When Wyoming Shouldn’t Rule the Nation: Suicide

We’ve heard the numbers time and time again, the number one ranking that Wyoming doesn’t proudly display. First in the country for the suicide rate. A mortality rate of 32.3 percent. 190 suicides per 100,000 inhabitants, according to the CDC.

There are billboards about it. Several organizations, helplines, and community outreach programs are available for people struggling with mental health issues and suicidal thoughts.

But the rate remains high. “The stigma is enormous in Wyoming” said Cory Scimeca, professor of psychology.

The Laramie High School educator said she tries to normalize the topic of mental health care, taking medication, going to therapy and asking for help when needed. Again, “I still have a lot of cringe-inducing students.

Apples don’t fall far from trees, they say. “I also have a significant number of parents who are reluctant to ask their children for help! It puzzles me that they “don’t believe in therapy”. she added.

The stigma of a bootstrap state, from proud, independent people, really does have an effect. Scimeca asked a student in his class why we weren’t asking for help. “She said students are afraid to ask for help because they feel they will be judged or in trouble. She also said the cost of therapy was a huge factor.

Scimeca said LHS was trying to address the issue, despite obstacles such as Bill 138 which proposed suicide prevention in schools and did not pass. Although Parliament agreed to the creation of a suicide hotline, its funding fell through. Rep. Bob Nicholas (R-Cheyenne) wants the nonprofits to fund the empty trust account created for the hotline. Rep. Tony Locke (R-Casper) wants to wait until further research shows that a relatively inexpensive hotline would prove beneficial, despite the research that already shows it.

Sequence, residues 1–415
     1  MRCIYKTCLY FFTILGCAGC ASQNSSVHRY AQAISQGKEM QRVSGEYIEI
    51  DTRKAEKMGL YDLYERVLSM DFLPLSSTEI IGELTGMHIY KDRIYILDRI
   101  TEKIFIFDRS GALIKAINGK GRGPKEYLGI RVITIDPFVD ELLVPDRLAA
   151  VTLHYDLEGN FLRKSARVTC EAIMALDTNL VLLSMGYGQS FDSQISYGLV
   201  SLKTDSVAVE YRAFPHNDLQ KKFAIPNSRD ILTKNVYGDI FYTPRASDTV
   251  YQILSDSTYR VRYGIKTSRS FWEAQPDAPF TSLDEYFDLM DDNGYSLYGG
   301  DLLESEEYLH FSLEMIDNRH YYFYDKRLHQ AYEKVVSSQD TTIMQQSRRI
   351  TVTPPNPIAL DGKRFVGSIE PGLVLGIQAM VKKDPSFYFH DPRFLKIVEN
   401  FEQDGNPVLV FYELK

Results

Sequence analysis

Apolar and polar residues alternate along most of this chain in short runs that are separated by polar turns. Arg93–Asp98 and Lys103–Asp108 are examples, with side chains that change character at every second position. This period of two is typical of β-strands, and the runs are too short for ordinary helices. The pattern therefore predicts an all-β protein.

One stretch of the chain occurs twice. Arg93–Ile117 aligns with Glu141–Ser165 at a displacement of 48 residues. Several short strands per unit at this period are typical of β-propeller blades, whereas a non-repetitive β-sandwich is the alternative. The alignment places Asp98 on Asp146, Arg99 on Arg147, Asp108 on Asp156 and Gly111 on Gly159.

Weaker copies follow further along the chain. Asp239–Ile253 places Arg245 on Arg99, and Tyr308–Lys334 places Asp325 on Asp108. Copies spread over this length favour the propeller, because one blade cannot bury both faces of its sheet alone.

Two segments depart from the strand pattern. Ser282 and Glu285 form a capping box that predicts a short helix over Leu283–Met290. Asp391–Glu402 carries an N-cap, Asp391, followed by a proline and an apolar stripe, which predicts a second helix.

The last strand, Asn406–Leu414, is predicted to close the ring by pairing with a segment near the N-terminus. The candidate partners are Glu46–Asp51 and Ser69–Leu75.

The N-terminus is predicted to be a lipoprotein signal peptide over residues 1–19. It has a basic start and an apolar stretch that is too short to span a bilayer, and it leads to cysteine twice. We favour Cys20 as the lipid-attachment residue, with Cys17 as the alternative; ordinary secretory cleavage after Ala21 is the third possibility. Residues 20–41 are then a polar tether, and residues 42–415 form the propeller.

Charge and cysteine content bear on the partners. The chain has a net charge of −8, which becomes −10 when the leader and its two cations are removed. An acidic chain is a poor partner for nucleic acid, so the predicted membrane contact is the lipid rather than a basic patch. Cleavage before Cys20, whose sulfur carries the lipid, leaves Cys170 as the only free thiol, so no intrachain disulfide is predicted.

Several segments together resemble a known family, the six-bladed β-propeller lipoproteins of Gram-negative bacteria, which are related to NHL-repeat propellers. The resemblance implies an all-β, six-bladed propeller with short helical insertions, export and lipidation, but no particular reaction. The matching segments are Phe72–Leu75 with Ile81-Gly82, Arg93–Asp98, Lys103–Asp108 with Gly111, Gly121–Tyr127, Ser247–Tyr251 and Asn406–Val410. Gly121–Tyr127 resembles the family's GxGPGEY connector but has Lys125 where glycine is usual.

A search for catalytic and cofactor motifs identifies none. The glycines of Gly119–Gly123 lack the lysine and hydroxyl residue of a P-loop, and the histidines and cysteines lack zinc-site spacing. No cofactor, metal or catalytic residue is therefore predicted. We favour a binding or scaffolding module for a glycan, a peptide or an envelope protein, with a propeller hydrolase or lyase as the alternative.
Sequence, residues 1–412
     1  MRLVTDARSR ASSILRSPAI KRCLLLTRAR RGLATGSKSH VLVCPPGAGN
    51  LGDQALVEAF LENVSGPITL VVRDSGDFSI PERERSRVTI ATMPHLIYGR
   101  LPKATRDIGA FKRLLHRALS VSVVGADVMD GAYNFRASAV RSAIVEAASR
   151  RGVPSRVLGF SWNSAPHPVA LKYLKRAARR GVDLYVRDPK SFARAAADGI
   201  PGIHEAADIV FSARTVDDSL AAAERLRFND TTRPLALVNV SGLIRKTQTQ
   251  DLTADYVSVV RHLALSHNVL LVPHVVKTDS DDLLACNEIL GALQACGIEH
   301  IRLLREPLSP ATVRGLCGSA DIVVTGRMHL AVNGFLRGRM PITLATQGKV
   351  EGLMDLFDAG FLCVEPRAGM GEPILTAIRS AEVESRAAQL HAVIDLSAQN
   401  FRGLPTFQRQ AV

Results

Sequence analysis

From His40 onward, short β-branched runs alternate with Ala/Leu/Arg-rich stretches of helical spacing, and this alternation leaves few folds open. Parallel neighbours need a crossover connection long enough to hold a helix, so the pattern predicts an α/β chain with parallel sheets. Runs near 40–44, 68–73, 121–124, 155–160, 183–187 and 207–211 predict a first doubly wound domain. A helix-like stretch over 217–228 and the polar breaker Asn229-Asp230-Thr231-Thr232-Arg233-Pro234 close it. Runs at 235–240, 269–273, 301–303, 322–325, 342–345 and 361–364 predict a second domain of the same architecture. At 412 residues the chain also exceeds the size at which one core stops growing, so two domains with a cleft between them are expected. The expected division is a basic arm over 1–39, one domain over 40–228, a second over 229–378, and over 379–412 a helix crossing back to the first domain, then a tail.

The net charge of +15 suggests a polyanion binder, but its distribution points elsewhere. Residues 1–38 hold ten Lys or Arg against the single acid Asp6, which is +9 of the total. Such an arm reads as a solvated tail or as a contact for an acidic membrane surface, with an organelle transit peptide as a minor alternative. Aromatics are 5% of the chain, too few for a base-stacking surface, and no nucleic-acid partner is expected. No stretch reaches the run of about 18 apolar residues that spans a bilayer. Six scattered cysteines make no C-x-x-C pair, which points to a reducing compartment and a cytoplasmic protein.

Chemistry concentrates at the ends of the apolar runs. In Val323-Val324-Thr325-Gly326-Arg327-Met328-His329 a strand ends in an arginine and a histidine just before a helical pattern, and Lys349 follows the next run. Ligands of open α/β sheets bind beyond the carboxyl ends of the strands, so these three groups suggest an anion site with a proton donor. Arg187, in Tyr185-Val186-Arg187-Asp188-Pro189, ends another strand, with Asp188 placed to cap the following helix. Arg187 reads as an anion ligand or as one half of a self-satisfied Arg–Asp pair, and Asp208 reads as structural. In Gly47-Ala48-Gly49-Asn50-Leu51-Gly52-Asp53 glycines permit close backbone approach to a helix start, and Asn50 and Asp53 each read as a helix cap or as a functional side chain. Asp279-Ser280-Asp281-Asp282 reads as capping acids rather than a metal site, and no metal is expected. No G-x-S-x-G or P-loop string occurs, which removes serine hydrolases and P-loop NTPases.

So Scimeca and others at LHS are implementing a program “focuses on building community and helping children learn to be self-advocates, use active listening, and take care of their mental health needs. We have Safe 2 Tell where students can report behavior anonymously.

A counselor recently contacted Scimeca, indicating that grants were available for suicide prevention. She asked her class if they would like to help with prevention and awareness efforts.

“Half of them immediately threw their arms up in the air. They want to help and want things to get better. The other half was a little reluctant, but I really think it’s just because talking about suicide is uncomfortable. I’ll see if I can get them back, but I would never force them to help me. When it comes to Psych, almost every student has been affected by suicide in some way, but they don’t know where to go for help. They really want things to get better, but I don’t think many of them know how to do it.

A suggestion from Scimeca: “We need to teach adults not to be afraid to tell children about it.

Brunch & Sparkling 2023

The annual SAFE Project of Albany County Brunch & Bubbly fundraiser was held on Sunday, August 27 at the Alice Hardie Stevens Center.

The event raises funds for SAFE, a Laramie nonprofit that advocates for victims of sexual and domestic violence.


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